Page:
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Tax Fraud

Tax fraud is a very serious matter. Please be careful when you prepare your tax returns. Do not fudge the numbers to get a tax break. Also, do not allow others to fudge the numbers for you. During tax season there are lots of people advertising tax preparation services. Many of these advertisements prey on the uninformed. How? By advertising refunds of over $3,000 per child etc. The truth is that, if you are entitled to a refund you will get it regardless of who prepares your taxes. Unless, you use an incompetent tax preparer that misses your valuable deductions.

Did you commit tax fraud? The real consequence of using these “fly by night” or “only available in tax season” people is that you may commit fraud. Just the other day, a woman told me that her friend was about to use a tax preparer that approached her in the supermarket parking lot. The preparer promised to get a $4,200 refund for her by giving her a fake 1099. Yes. This apparently happens in broad daylight. Please do not resort to these tactics. Your financial situation may seem bad. But, jail is worse. The IRS has sophisticated computerized systems that detect fraudulent activity. Should the IRS catch this individual the IRS will then audit everyone who used his services. Do you really want this to happen to you?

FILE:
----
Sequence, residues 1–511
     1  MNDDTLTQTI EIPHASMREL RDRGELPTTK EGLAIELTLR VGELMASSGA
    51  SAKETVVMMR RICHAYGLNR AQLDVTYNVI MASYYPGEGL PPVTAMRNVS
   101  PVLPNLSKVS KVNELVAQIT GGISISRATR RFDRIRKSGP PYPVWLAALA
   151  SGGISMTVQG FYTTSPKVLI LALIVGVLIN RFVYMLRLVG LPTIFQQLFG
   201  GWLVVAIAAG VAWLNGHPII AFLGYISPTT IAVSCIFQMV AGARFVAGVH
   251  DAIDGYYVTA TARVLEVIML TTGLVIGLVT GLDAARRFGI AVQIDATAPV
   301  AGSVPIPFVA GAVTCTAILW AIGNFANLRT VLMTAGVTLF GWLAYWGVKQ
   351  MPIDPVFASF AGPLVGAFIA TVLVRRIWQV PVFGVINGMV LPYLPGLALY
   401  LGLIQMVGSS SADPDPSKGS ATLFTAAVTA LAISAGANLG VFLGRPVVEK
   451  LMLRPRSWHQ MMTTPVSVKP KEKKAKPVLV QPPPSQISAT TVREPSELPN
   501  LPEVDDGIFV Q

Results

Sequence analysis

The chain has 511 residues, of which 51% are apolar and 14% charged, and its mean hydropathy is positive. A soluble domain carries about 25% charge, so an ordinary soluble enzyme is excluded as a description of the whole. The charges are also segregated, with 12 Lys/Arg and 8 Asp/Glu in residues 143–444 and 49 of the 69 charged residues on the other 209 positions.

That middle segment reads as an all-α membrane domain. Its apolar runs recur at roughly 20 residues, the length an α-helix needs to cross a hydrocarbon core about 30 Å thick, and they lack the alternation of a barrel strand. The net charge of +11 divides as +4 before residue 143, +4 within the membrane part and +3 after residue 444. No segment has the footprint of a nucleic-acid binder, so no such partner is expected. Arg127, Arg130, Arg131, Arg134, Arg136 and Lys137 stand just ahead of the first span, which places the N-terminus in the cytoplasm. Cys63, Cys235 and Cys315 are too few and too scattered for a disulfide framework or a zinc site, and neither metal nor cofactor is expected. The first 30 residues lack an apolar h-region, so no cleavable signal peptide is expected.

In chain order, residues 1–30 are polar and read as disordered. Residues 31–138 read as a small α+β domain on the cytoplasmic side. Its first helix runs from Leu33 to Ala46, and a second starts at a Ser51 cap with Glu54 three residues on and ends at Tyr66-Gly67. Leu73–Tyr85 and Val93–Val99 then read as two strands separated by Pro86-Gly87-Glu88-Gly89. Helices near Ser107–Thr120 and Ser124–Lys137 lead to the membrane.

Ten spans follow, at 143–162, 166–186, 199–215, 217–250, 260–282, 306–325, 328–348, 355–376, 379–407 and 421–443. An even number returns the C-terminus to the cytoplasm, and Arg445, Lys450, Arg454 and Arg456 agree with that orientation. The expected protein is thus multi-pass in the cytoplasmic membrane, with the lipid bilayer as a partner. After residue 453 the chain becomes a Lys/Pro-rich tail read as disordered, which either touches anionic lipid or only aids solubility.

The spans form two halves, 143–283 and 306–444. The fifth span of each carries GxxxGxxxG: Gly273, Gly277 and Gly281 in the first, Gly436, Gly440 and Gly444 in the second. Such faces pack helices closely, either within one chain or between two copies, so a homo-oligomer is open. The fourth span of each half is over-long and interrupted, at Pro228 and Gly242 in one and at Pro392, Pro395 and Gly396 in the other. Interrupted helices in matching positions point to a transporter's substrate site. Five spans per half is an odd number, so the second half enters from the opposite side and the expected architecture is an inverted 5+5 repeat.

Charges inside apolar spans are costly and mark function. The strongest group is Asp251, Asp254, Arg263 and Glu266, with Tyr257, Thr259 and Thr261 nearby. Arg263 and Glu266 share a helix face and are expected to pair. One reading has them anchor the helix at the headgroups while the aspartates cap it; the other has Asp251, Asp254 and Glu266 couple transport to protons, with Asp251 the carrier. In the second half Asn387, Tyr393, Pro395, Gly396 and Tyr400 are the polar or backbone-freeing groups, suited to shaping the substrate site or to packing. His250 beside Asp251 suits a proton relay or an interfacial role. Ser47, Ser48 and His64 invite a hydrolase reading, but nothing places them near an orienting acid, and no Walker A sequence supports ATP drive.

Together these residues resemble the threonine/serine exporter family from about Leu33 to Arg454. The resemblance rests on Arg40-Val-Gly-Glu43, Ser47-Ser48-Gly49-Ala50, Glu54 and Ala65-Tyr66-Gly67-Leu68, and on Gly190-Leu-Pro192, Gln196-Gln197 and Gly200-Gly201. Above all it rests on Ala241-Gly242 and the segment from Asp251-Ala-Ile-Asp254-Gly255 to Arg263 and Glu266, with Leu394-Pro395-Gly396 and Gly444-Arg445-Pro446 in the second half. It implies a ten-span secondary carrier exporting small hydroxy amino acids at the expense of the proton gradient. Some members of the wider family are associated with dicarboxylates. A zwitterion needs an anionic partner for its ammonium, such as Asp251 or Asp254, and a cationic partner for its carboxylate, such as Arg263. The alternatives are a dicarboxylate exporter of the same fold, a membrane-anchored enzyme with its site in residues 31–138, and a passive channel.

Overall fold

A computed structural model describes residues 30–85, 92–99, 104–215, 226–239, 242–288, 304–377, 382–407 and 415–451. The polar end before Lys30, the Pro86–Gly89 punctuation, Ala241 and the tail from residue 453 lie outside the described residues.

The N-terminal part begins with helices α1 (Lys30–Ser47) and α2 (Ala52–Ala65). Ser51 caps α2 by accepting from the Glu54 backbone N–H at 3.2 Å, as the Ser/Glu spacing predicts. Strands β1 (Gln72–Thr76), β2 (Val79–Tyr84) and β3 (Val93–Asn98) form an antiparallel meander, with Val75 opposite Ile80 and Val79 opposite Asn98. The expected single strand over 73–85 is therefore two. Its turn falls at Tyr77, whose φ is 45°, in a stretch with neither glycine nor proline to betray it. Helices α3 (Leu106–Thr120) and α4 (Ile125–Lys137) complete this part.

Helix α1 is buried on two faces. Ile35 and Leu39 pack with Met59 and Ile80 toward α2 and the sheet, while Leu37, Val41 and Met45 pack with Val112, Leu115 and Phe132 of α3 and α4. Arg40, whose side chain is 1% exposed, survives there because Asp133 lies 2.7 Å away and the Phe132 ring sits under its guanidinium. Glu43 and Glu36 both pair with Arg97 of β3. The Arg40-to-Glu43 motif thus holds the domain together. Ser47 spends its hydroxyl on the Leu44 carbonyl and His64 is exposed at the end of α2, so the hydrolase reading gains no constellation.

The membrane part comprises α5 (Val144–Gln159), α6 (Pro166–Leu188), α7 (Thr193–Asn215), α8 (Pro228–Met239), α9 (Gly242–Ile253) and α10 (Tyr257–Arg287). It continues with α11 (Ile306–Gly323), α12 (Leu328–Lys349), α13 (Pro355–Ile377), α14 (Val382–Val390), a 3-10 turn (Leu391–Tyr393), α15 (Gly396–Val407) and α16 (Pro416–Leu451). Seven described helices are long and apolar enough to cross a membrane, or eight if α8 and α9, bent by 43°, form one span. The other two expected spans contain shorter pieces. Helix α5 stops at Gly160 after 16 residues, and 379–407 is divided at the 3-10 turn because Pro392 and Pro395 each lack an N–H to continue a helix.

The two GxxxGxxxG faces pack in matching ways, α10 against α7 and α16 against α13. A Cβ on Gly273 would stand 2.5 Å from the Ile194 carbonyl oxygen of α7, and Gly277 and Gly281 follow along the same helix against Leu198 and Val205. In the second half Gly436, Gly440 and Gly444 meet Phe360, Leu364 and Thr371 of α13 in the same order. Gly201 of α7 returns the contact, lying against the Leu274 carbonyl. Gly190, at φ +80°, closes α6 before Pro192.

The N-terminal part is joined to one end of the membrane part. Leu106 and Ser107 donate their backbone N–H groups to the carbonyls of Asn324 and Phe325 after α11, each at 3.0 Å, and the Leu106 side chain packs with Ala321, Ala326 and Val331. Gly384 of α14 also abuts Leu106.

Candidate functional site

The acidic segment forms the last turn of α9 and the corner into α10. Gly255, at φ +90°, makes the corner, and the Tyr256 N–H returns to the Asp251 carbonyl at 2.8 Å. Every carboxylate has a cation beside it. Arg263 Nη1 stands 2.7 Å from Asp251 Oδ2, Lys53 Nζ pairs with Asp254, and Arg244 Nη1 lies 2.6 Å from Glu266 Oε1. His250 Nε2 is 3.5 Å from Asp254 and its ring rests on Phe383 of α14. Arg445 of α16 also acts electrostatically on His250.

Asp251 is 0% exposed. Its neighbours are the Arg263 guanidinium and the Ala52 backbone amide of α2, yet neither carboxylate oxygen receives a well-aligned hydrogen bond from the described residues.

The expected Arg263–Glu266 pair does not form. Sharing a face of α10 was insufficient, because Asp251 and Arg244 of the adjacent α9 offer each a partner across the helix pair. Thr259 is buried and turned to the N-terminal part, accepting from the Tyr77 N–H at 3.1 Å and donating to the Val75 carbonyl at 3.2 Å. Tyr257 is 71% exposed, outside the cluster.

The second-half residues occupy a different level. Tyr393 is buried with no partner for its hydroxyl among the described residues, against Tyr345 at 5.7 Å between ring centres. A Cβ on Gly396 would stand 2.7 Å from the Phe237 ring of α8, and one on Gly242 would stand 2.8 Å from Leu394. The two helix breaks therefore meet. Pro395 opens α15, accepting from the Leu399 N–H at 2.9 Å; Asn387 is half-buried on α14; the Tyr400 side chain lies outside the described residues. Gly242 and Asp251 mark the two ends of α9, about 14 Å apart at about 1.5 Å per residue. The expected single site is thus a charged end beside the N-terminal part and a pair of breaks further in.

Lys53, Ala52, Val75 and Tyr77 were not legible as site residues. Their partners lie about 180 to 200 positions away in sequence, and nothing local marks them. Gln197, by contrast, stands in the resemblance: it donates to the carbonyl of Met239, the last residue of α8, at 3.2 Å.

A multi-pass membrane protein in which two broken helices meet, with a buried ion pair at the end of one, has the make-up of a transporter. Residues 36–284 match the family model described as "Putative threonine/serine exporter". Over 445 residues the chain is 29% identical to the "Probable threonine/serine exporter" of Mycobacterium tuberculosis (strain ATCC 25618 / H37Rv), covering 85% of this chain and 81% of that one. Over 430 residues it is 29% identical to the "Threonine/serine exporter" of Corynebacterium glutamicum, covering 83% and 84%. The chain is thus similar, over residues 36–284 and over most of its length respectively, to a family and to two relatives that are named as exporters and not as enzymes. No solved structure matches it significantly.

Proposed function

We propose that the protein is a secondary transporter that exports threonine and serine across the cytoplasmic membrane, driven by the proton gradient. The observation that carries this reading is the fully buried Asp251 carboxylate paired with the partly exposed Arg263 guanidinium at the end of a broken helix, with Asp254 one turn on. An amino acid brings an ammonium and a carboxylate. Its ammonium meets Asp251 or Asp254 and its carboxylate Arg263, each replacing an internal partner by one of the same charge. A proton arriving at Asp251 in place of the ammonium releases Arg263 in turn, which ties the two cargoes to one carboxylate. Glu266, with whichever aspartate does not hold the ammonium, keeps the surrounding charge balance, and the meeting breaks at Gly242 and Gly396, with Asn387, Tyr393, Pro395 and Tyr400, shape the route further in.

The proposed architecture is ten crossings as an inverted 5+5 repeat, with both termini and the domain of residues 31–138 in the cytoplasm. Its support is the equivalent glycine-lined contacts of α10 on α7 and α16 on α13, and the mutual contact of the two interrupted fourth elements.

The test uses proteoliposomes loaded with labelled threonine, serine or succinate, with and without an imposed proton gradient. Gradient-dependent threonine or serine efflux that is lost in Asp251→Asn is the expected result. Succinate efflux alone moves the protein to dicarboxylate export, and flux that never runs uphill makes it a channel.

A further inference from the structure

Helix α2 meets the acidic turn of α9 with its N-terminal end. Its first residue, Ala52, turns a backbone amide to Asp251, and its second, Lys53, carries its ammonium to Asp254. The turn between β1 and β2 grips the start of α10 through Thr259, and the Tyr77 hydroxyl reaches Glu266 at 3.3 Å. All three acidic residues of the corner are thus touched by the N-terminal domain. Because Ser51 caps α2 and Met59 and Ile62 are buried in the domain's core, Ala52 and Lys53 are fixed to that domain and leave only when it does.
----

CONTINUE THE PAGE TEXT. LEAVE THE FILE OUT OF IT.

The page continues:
How to test if you committed tax fraud? Tax fraud is usually proven by circumstantial evidence and reasonable inferences. Fraud will generally involve one or more of the following elements:

  • Deception,
  • Misrepresentation of material facts,
  • False or altered documents,
  • Evasion (i.e., diversion or omission)

Did you intend to evade tax? The courts focus on key badges of tax fraud in determining whether there was an “intent to evade” tax. Some of the common “badges of fraud” include:

  • Understatement of income (e.g., omissions of specific items or entire sources of income, failure to report substantial amounts of income received),
  • Fictitious or improper deductions (e.g., overstatement of deductions, personal items deducted as business expenses),
  • Accounting irregularities (e.g., two sets of books, false entries on documents);
  • Acts of the taxpayer evidencing an intent to evade tax (e.g., false statements, destruction of records, transfer of assets),
  • A consistent pattern over several years of under reporting taxable income,
  • Implausible or inconsistent explanations of behavior,
  • Failure to cooperate with the examiner,
  • Concealment of assets
  • Engaging in illegal activities (e.g., drug dealing), or attempting to conceal illegal activities,
  • Inadequate records,
  • Dealing in cash
  • Failure to file returns, and
  • Education and experience